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    Judicial Nominees On Schumer's Post-Recess To-Do List

    Senate Majority Leader Chuck Schumer, D-N.Y., laid out on Friday a busy agenda for when Congress returns next week, which includes confirming the president's judicial nominees.

  • Young Thug Can't DQ Prosecutor Over Questions To Witness

    An Atlanta judge on Thursday denied a motion to disqualify the lead prosecutor in the racketeering trial against rapper Young Thug and five others after weighing claims that she had made herself a witness, according to defense counsel.

  • John Eastman Says Inactive Status Hampers Livelihood

    Former Donald Trump attorney John Eastman asked the State Bar Court of California on Wednesday to delay placing him on inactive enrollment while he appeals the recommendation for his disbarment, saying he can't sustain the loss of his livelihood representing clients like Matt Gaetz and Marjorie Taylor Greene.

  • Ex-NY Court Atty Found Guilty Of Official Misconduct

    A New York state jury on Thursday found a former appeals court attorney guilty of official misconduct for using her position to provide a legal opinion that helped her husband and his law firm secure a $55,000 payment from a new client.

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    Judge Recuses Herself From Cartel Case Over Exxon Stock

    A Nevada federal judge has recused herself from a batch of antitrust lawsuits claiming U.S. shale oil producers colluded with OPEC to drive up prices at the pump, citing her ownership of a "significant" amount of Exxon Mobil Corp. stock.

  • Ga. Says Listening to Atty-Client Calls Not Unconstitutional

    The state of Georgia has told the state's Supreme Court that prosecutors didn't trample on the Sixth Amendment rights of a man convicted of assault, because they didn't intentionally seek to listen to privileged phone calls between the man and his lawyer and because the phone calls weren't evidence at trial.

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Expert Analysis

  • A Call For Personal Accountability On Diversity And Inclusion Author Photo

    While chief legal officers are increasingly involved in creating corporate diversity, inclusion and anti-bigotry policies, all lawyers have a responsibility to be discrimination busters and bias interrupters regardless of the title they hold, says Veta T. Richardson at the Association of Corporate Counsel.

  • Learning How To Code Can Unleash New Potential In Lawyers Author Photo

    Every lawyer can begin incorporating aspects of software development in their day-to-day practice with little to no changes in their existing tools or workflow, and legal organizations that take steps to encourage this exploration of programming can transform into tech incubators, says George Zalepa at Greenberg Traurig.

  • Supporting Associates Amid Pandemic's Mental Health Toll Author Photo

    As junior associates increasingly report burnout, work-life conflict and loneliness during the pandemic, law firms should take tangible actions to reduce the stigma around seeking help, and to model desired well-being behaviors from the top down, say Stacey Whiteley at the New York State Bar Association and Robin Belleau at Kirkland.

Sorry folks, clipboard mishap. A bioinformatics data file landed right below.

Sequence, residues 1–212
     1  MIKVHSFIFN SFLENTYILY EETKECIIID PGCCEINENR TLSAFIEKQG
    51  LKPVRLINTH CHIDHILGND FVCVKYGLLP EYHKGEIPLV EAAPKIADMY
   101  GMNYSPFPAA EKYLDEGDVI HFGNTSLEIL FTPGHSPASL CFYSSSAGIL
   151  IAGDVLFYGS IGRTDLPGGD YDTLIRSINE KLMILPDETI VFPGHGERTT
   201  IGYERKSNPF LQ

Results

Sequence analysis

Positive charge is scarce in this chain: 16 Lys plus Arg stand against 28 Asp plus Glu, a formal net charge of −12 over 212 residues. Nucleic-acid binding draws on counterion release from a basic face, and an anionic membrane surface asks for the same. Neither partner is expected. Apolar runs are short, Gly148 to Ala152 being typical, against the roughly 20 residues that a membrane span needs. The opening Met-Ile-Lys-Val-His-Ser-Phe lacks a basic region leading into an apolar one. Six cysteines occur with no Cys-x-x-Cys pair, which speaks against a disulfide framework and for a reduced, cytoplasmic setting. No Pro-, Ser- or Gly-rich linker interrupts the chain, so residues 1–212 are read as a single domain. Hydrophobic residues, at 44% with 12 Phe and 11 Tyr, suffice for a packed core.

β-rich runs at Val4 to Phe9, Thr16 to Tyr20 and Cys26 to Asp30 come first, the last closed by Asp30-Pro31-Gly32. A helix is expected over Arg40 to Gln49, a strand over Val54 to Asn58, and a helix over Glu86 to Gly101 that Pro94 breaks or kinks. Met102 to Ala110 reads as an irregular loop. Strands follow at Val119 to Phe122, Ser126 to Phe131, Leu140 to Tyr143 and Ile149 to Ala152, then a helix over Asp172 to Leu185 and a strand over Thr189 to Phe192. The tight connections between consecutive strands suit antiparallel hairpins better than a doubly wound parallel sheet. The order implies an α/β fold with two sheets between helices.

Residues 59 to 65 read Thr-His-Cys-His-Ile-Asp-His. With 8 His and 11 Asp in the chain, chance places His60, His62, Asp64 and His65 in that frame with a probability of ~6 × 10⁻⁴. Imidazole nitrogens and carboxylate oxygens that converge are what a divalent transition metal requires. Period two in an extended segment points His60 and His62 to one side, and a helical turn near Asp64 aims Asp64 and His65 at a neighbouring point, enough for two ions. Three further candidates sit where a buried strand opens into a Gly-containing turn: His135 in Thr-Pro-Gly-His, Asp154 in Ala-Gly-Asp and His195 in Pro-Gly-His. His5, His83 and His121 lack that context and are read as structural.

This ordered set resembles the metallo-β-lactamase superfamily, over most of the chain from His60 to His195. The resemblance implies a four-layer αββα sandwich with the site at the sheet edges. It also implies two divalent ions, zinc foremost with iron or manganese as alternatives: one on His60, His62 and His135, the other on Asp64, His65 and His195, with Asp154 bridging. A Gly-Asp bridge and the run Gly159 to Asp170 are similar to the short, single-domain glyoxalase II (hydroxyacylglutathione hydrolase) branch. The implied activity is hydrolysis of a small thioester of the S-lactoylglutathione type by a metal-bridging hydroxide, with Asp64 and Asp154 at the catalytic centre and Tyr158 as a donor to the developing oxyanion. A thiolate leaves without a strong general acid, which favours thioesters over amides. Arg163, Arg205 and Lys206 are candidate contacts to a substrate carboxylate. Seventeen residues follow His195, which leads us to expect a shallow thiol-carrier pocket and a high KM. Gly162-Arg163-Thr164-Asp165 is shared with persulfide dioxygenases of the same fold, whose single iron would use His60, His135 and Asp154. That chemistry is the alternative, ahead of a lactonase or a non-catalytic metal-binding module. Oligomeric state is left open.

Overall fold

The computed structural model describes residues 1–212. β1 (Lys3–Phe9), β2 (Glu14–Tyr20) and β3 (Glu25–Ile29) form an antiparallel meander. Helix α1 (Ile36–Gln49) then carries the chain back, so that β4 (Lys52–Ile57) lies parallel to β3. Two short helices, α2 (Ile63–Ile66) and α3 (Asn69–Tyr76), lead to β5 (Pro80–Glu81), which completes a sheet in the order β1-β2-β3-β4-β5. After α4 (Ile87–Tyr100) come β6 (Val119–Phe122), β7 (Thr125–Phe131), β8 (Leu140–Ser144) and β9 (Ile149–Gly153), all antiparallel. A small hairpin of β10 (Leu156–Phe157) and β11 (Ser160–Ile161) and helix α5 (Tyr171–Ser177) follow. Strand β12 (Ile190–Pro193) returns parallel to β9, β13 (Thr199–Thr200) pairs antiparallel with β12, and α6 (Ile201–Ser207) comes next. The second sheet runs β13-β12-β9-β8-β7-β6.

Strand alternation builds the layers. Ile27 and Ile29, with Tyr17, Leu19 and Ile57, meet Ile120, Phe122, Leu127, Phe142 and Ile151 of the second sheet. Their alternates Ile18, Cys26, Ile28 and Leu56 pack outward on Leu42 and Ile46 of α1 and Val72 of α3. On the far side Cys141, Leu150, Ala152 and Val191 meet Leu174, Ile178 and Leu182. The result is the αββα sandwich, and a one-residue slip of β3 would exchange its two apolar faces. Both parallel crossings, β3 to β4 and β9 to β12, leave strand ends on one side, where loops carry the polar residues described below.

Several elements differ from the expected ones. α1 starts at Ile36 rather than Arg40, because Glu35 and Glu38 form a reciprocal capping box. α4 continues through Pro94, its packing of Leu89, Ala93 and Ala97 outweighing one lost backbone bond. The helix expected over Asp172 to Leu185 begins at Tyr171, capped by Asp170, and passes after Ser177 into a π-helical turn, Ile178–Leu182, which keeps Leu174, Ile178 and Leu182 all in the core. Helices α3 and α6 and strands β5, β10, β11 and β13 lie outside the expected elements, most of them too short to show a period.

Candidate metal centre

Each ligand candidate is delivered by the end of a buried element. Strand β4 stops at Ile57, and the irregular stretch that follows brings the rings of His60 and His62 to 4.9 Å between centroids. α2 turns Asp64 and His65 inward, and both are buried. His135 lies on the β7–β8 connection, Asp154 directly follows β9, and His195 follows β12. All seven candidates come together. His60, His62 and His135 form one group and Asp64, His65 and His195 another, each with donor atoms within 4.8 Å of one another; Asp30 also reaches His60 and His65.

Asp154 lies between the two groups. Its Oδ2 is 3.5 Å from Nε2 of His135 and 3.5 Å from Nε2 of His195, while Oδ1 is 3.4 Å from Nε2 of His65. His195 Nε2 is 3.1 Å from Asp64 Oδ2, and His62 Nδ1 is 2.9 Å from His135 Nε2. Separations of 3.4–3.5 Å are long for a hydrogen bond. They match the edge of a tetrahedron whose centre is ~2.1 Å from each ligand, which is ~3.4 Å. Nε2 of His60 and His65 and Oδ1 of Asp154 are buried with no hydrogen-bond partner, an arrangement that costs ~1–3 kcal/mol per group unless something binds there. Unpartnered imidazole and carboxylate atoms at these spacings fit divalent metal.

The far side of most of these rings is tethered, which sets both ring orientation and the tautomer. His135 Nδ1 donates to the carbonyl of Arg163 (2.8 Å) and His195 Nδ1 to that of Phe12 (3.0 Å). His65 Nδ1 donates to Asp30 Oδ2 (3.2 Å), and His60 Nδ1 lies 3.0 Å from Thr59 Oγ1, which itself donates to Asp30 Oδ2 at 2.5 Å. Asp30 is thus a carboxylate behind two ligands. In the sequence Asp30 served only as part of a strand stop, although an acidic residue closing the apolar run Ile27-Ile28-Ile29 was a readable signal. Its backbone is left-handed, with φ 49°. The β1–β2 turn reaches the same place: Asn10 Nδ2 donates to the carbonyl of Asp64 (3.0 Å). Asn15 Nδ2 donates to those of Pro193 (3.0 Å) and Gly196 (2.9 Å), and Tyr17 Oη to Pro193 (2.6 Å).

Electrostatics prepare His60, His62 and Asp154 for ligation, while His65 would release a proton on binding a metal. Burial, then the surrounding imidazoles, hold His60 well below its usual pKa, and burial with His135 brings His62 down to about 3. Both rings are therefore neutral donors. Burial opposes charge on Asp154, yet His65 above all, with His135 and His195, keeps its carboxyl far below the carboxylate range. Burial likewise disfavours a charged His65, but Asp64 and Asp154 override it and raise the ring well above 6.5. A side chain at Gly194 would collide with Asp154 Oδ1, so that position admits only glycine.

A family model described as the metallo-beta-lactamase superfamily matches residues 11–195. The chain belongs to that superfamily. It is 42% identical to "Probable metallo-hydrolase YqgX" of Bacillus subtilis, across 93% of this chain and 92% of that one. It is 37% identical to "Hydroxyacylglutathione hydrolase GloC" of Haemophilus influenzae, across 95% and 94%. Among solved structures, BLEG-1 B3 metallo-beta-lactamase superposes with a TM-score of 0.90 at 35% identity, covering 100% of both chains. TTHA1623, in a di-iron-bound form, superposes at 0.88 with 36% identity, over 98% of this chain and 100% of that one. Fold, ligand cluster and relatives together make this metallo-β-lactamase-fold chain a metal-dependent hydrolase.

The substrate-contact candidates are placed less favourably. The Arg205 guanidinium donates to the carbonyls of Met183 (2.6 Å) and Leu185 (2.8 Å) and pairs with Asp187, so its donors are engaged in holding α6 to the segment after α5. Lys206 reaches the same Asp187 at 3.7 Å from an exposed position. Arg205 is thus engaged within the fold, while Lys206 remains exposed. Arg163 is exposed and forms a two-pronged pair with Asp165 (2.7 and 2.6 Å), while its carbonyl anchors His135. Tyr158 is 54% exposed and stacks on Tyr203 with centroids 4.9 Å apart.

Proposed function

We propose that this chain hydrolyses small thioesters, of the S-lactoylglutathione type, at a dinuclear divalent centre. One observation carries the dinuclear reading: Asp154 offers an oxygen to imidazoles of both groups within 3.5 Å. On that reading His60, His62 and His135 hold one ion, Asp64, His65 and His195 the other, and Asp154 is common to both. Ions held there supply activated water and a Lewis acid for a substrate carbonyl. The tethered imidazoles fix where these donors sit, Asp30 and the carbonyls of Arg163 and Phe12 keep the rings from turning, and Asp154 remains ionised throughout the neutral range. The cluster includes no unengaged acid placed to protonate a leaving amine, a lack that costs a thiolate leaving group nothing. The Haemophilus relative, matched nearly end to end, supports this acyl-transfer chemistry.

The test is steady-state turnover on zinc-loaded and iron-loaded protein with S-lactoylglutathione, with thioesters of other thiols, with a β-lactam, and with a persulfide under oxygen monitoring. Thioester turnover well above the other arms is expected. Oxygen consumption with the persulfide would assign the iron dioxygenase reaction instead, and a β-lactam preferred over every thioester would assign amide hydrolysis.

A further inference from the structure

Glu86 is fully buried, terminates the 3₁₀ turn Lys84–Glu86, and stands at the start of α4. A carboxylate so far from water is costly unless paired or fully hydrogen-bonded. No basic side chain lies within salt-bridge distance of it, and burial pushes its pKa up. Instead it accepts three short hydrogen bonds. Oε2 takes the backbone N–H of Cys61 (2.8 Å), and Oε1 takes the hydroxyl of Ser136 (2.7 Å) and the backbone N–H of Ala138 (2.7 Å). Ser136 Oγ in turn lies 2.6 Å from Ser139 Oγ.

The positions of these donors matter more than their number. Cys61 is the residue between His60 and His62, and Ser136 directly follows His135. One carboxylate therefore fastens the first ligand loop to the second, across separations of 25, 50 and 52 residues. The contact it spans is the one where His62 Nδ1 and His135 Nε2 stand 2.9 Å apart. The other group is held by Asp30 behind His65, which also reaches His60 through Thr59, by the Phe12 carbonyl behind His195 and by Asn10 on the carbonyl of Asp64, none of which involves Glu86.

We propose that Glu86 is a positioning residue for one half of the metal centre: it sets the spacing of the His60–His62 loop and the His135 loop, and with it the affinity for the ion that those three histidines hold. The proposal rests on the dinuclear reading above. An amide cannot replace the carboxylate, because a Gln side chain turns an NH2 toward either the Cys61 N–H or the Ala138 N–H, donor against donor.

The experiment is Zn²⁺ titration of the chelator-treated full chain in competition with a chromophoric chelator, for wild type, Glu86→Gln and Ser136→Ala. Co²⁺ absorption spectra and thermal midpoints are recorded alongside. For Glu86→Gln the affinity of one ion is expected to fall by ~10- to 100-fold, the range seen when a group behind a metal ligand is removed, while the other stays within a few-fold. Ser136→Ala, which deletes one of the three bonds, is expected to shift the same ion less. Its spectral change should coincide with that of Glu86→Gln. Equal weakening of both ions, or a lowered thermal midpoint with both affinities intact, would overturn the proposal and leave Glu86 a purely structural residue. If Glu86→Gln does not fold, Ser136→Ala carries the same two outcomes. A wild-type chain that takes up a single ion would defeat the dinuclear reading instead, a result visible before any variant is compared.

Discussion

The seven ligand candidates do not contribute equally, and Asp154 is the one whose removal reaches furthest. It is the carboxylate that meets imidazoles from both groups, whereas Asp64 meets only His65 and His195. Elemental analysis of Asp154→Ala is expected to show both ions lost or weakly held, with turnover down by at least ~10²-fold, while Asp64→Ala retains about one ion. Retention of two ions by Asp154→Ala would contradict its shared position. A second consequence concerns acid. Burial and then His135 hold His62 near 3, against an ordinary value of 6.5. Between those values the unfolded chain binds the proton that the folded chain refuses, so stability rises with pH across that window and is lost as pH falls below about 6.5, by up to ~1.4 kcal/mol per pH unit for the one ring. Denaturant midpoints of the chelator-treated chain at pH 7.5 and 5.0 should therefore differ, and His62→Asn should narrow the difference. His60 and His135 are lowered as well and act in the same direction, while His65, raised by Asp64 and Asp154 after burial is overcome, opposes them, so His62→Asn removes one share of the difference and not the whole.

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    Ask A Mentor: Should My Law Firm Take On An Apprentice? Author Photo

    Mentoring a law student who is preparing for the bar exam without attending law school is an arduous process that is not for everyone, but there are also several benefits for law firms hosting apprenticeship programs, says Jessica Jackson, the lawyer guiding Kim Kardashian West's legal education.

  • The Importance Of Client Engagement In Law Firm Innovation Author Photo

    As clients increasingly want law firms to serve as innovation platforms, firms must understand that there is no one-size-fits-all approach — the key is a nimble innovation function focused on listening and knowledge sharing, says Mark Brennan at Hogan Lovells.

  • The Unique Challenges Facing Women-Owned Law Firms Author Photo

    In addition to establishing their brand from scratch, women who start their own law firms must overcome inherent bias against female lawyers and convince prospective clients to put aside big-firm preferences, says Joel Stern at the National Association of Minority and Women Owned Law Firms.

  • The Pursuit Of Wellness In BigLaw: Lessons From My Journey Author Photo

    Jane Jeong at Cooley shares how grueling BigLaw schedules and her own perfectionism emotionally bankrupted her, and why attorneys struggling with burnout should consider making small changes to everyday habits.

  • Why We Must Recruit And Advance More Black Prosecutors Author Photo

    Black Americans make up a disproportionate percentage of the incarcerated population but are underrepresented among elected prosecutors, so the legal community — from law schools to prosecutor offices — must commit to addressing these disappointing demographics, says Erika Gilliam-Booker at the National Black Prosecutors Association.

  • Series

    Ask A Mentor: How Can Associates Deal With Overload? Author Photo

    Young lawyers overwhelmed with a crushing workload must tackle the problem on two fronts — learning how to say no, and understanding how to break down projects into manageable parts, says Jay Harrington at Harrington Communications.

  • A Scientific Path For Improving Diversity At Law Firms Author Photo

    Law firms could combine industrial organizational psychology and machine learning to study prospective hires' analytical thinking, stress response and similar attributes — which could lead to recruiting from a more diverse candidate pool, say Ali Shahidi and Bess Sully at Sheppard Mullin.

  • Series

    Ask A Mentor: How Can Associates Seek More Assignments? Author Photo

    In the first installment of Law360 Pulse's career advice guest column, Meela Gill at Weil offers insights on how associates can ask for meaningful work opportunities at their firms without sounding like they are begging. 

  • Legal Sector Regulatory Reform Is Key To Closing Justice Gap Author Photo

    In order to improve access to justice for those who cannot afford a lawyer, states should consider regulatory innovations, such as allowing new forms of law firm ownership and permitting nonlawyers to provide certain legal services, says Patricia Lee Refo, president of the American Bar Association.